Are fees for deposit replacement schemes prohibited payments? A follow up from Will Eastman

Are fees for deposit replacement schemes prohibited payments? A follow up from Will Eastman

26 February 2022

After an interesting case in county court, earlier this month Head of Legal and Claims, Will Eastman gave his thoughts on deposit replacement schemes. After the final hearing took place earlier this week, Will has provided another update on the matter.

If you haven’t read the original post on this case, please click here to read it now.

To recap, possession proceedings have been issued relying on a section 8 notice, citing grounds 8, 10 and 11, and a section 21 notice. I can now say that the property was based in Wales, the County Court at Swansea is where the case was dealt with, and the replacement deposit was provided by Flatfair.

At the first possession hearing, the Judge hearing the matter took issue with there being a deposit replacement scheme, suggesting the fee paid by the tenant was a prohibited payment. The Judge was unable to be convinced otherwise at that hearing and adjourned the matter.

It’s a bit ironic that a fee for a deposit replacement scheme, a product that was arguably launched to ease the impact of the Tenant Fees Act 2019, or in this case the Renting Homes (Fees etc.) (Wales) Act 2019, is being considered a prohibited payment under the very same acts.

My view still remains that the intention of Parliament, could not have been to catch such fees for these schemes as a prohibited payment. That said, it appears that a strict application of the relevant acts would result in the payments being prohibited (i.e. not on the list of permitted payments), despite the published guidance suggesting otherwise. I have seen a number of differing views from legal professionals who are thought of as experts in their fields, to Deposit Replacement providers themselves.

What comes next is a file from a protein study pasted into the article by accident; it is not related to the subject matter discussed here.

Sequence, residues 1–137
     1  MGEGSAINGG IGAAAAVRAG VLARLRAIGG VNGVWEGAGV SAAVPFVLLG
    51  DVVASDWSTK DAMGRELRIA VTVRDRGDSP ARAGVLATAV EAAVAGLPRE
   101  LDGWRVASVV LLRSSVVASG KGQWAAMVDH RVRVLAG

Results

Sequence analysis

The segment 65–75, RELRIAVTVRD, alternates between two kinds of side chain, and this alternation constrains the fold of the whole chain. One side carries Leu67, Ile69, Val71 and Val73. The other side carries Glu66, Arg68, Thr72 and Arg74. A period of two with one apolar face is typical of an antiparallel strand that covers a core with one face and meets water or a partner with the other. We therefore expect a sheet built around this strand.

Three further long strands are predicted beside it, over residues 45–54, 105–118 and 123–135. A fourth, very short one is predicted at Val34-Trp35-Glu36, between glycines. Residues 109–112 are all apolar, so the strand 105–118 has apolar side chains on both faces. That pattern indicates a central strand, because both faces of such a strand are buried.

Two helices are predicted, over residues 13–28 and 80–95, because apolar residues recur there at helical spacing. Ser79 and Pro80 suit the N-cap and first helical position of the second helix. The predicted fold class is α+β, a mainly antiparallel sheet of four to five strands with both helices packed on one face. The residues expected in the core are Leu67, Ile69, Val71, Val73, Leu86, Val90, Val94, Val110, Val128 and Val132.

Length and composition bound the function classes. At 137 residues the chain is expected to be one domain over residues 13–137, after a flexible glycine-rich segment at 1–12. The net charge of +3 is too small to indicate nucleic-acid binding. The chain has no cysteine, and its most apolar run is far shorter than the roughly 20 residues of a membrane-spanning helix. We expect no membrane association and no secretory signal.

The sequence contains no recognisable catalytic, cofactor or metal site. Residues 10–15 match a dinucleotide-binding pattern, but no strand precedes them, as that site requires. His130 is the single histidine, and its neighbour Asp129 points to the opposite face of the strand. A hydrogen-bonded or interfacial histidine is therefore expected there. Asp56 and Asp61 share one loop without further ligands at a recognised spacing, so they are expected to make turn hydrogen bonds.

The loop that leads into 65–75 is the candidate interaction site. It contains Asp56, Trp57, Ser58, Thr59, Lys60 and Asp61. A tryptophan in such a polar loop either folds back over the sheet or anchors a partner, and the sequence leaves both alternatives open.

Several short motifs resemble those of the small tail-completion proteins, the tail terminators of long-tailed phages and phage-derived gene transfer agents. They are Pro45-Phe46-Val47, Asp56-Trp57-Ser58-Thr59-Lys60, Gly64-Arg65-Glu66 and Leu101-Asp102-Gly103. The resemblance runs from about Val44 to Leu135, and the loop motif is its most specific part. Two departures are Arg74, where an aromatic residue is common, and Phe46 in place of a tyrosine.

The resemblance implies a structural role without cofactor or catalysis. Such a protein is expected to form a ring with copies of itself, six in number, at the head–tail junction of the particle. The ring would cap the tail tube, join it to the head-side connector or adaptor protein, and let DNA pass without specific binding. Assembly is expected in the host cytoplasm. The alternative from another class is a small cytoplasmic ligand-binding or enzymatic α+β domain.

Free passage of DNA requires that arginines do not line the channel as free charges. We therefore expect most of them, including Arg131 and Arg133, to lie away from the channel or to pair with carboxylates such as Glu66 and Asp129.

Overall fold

The final hearing took place earlier this week. At this hearing, the Judge remained unconvinced that the payment was permitted, and the section 21 notice could be relied upon. However, the Judge conceded that the relevant acts did not preclude our customer from relying on their section 8 notice. We were therefore given two options:

  1. Rely on the section 21 notice, the Judge give directions and the matter be set down for a trial; or
  2. Rely on the section 8 notice and obtain possession.  

Our customer was eager to get back possession and therefore, went with option 2. Regrettably but understandably, the Judge was not willing to consider also giving a judgment on the issue of the suggested prohibited payment, as to do so would be “academic” and a “waste of the Court’s time”.

Whilst our customer has achieved the outcome they hoped for in these proceedings, the decision undoubtedly allows a sense of uncertainty in the industry to linger and no opportunity to bring an appeal and therefore, an element of certainty on the issue.

Where this issue is raised and only a section 21 notice is available to be relied upon by the Landlord, a trial on whether the Tenant truly had a choice, or was “required” to make the payment will be the only way to determine the issue. This point alone has attracted varying opinions. Some say that the clear choice between a traditional deposit and a replacement scheme is enough. Others question whether giving a Tenant the ultimatum of finding 5-6 weeks cash for a deposit, or taking out a replacement scheme for the equivalent of what is usually 1 weeks rent, can be considered as a choice. Only time will tell.

I suspect, although hope I am proven wrong, that this is not going to be the last we hear of it. In fact, we have another claim, in Wales and where a replacement scheme is in place with no rent arrears at present………. We might not have to wait very long at all.

– Will Eastman, Head of Legal and Claims

This article is for general information only and is not intended to be legal advice or formal guidance.

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